Seven United States Marines played a vital role in saving the life of a U.S. Airman with 353rd Special Operations Maintenance Squadron in Okinawa, Japan Dec. 31, 2018.
The airman, whose name is being withheld out of respect for the family's privacy, was involved in a motor cycle accident along Japan National Route 331. A group of Marines witnessed the accident and rushed to the scene as first responders.
Marine Sgt. David Lam, an assistant warehouse chief with 3rd Transportation Support Battalion, 3rd Marine Logistics Group and San Jose, Calif., native was one of the first Marines on the scene, ordered the group of Marines to call emergency services and directed traffic along the busy road to allow ambulances to arrive.
"I never would have imagined myself being that close to an accident. It was an oh-snap moment," Lam said. "I couldn't fathom how quickly everything was moving."
United States Marine Corps Cpl. Devan Duranwernet, a training non-commissioned officer with 3rd Law Enforcement Battalion pictured here aboard Marine Corps Base Camp Hansen in Okinawa, Japan, was one of seven Marines who acted quickly to save an U.S. Airman's life following a recent motorcycle accident Dec. 31, 2018. Duranwert, a native of Charleston, S.C., started to support the injured airman's body by stabilizing their head to ensure they didn't move from being in major shock.
Assisting Lam were 1st Lt. Sterling Elliot with 1st Battalion, 4th Marine Regiment; 1st Lt. Jose Diaz with 9th Engineer Support Battalion; Gunnery Sgt. Memora Tan with 1st Bn., 4th Marines and Cpls. Devan Duranwernet, Joseph Thouvenot and Gerardo Lujan with 3rd Law Enforcement Battalion. Each Marine played a vital role in saving the airman's life.
"Their quick actions and willingness to get involved are commendable and exactly the type of actions you would expect from all military members that may find themselves in this sort of situation," said Air Force Maj. James Harris, the Squadron Commander with 353rd Special Operations Maintenance Squadron.
Diaz, from Orlando, Fla., rushed to the injured to begin cutting off layers of clothing, which helped identify the airman's wounds. He then ran to the neighboring areas to find large pieces of wood for splints to support any broken bones.
United States Marine Corps 1st Lt. Jose Diaz, the motor transportation platoon commander with 9th Engineer Support Battalion, pictured here aboard Marine Corps Base Camp Hansen in Okinawa, Japan, was one of seven Marines who acted quickly to save a U.S. Airman's life following a recent motorcycle accident Dec. 31, 2018. Diaz, a native of Orlando, Fla., ran to the neighboring areas to find large pieces of wood to create splints to support the airman's broken bones and started cutting off the layers of the injured airman clothes to see all the wounds.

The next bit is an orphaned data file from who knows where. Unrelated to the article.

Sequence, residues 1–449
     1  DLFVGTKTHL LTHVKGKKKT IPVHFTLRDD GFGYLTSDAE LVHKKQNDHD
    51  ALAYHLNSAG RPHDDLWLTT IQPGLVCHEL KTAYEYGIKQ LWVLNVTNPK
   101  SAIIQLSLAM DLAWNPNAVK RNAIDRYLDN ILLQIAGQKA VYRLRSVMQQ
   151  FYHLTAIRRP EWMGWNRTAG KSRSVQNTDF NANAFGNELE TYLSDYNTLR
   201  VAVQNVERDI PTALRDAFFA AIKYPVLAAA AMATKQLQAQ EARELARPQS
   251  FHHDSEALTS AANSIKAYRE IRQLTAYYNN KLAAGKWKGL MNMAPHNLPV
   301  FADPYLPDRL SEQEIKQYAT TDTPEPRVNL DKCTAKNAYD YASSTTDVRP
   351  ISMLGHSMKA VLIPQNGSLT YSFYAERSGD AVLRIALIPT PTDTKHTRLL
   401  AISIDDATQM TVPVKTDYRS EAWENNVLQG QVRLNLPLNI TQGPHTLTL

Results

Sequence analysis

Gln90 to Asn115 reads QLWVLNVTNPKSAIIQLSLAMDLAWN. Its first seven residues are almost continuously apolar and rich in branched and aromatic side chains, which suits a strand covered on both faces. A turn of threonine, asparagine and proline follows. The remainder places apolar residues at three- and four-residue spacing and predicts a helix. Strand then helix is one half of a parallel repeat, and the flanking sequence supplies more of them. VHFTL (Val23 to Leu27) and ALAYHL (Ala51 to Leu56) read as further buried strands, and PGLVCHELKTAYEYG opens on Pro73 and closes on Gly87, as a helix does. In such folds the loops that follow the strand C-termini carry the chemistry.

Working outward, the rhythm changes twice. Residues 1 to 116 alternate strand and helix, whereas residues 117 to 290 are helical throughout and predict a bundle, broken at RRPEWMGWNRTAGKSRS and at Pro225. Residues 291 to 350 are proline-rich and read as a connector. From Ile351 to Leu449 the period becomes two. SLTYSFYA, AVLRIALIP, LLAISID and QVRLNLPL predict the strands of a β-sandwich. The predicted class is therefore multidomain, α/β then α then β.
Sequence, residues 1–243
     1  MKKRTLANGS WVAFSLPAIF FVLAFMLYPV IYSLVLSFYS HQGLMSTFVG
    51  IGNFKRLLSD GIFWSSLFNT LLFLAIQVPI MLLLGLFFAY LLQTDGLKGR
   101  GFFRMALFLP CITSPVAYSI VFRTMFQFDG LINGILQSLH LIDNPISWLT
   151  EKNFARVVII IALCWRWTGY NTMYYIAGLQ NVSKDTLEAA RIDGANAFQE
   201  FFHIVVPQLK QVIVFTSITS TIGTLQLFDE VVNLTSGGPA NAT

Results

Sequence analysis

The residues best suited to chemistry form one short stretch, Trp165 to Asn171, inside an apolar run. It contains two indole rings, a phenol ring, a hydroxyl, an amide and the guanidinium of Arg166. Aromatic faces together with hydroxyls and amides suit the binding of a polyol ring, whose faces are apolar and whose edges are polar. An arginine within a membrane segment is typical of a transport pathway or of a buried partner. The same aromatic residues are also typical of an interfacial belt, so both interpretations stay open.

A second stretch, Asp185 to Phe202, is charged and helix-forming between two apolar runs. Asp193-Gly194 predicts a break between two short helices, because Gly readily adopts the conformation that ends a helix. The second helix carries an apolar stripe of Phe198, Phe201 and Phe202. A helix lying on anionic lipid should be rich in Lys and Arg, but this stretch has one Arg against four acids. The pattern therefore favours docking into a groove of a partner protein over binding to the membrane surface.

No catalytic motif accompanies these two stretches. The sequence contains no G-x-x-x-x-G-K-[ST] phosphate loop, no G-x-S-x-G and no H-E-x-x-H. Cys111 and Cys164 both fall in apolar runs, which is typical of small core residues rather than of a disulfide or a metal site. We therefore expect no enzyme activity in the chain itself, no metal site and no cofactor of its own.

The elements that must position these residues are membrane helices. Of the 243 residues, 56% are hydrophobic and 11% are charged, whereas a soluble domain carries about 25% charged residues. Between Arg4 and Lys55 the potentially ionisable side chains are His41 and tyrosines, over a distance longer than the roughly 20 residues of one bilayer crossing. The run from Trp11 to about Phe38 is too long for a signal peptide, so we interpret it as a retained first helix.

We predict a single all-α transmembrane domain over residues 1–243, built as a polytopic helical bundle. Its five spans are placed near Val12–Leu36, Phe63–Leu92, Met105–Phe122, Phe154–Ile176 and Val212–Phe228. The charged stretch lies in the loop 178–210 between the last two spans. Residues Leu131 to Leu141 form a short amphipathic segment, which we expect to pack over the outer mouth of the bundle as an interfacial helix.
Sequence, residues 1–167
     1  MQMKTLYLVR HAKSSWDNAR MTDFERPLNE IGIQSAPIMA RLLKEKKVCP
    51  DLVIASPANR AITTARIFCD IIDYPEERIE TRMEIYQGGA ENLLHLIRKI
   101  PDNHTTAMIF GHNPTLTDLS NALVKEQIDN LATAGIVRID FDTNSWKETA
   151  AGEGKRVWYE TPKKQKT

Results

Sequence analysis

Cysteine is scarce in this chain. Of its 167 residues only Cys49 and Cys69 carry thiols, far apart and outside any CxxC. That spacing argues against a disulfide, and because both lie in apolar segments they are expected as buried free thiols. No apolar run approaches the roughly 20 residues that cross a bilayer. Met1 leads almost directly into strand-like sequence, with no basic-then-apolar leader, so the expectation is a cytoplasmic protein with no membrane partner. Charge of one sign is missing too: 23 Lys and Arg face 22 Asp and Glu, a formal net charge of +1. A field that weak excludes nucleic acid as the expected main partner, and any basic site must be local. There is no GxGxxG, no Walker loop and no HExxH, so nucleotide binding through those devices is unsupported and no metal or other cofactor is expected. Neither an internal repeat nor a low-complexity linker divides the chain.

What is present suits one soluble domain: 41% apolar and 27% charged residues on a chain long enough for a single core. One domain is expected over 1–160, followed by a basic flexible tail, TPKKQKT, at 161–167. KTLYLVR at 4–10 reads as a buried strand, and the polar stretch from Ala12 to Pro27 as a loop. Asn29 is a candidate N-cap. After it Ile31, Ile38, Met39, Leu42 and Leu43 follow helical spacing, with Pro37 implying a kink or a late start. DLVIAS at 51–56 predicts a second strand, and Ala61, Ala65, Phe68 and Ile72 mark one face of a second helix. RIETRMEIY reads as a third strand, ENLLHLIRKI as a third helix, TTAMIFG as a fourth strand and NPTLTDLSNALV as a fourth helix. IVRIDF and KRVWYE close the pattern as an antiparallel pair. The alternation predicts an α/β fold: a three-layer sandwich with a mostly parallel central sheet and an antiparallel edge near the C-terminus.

"I saw bones sticking out of the airman's body and knew I would need some kind of splint to support the injuries until emergency services arrived," Diaz said. "We took action and worked together [relaying on] past training and knowing we needed to help."
Duranwernet, a Charleston, S.C. native, stabilized the injured airman's neck and spine while providing comfort through the shock.
Emergency services loaded the airman on to a helicopter with assistance from Tan, a native of Orange County, Calif. Elliot, from Katy, TX, used the airman's cell phone to call their command and accompanied the airmen to U.S. Naval Hospital Okinawa.
United States Marine Corps 1st Lt. Sterling Elliot, the Operations Officer with 1st Battalion, 4th Marine Regiment, pictured here aboard Marine Corps Base Camp Hansen in Okinawa, Japan, was one of seven Marines who acted quickly to save an U.S. Airman's life following a recent motorcycle accident Dec. 31, 2018. Elliot, a native of Katy, Texas, stayed with the injured airman providing body support stabilization, he also flew back with the injured airman on the helicopter to the U.S. Naval Hospital Okinawa as an escort.
"I rode in the helicopter to give the airman a friendly face, to be there with them, to let them know everything was going to be okay," Elliot explained.
The airman was given emergency medical treatment to stabilize their condition then transported to another location for follow-on treatment and recovery. According to 353rd Special Operations Squadron leadership, the airman is expected to make a full recovery.
Harris said the Marines were the only reason the airman was still alive. He explained that "if the Marines didn't respond when they did or how they did the airman could have lost his arm or worse."
This article originally appeared on the United States Marine Corps. Follow @USMC on Twitter.
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